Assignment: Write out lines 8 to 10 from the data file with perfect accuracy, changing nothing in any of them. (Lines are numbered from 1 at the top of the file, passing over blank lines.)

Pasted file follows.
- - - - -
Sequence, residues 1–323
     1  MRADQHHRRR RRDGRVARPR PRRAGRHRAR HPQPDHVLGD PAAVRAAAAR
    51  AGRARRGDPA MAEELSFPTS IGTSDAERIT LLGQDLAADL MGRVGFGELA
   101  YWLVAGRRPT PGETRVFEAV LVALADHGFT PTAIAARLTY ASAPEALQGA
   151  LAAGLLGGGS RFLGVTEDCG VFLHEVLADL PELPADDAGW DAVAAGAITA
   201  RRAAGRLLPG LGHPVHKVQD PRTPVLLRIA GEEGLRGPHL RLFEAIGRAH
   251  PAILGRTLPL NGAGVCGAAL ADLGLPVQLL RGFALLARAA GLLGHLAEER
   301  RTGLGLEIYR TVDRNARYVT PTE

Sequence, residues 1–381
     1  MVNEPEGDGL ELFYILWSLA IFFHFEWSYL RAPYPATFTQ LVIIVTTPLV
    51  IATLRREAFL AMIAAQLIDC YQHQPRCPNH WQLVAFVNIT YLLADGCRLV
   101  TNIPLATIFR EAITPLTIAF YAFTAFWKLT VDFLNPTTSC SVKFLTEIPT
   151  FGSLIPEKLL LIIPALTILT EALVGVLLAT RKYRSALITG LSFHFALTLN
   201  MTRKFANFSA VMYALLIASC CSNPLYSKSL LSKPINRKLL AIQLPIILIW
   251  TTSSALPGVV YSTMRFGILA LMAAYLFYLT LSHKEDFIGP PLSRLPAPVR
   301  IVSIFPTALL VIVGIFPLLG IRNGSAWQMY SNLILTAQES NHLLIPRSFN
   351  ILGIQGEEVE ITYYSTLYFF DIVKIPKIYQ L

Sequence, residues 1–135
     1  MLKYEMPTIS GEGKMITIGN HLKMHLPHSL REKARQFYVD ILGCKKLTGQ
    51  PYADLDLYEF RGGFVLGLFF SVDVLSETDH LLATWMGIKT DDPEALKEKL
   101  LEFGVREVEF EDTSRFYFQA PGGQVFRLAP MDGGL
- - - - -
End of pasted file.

   301  RTGLGLEIYR TVDRNARYVT PTE

Sequence, residues 1–381
     1  MVNEPEGDGL ELFYILWSLA IFFHFEWSYL RAPYPATFTQ LVIIVTTPLV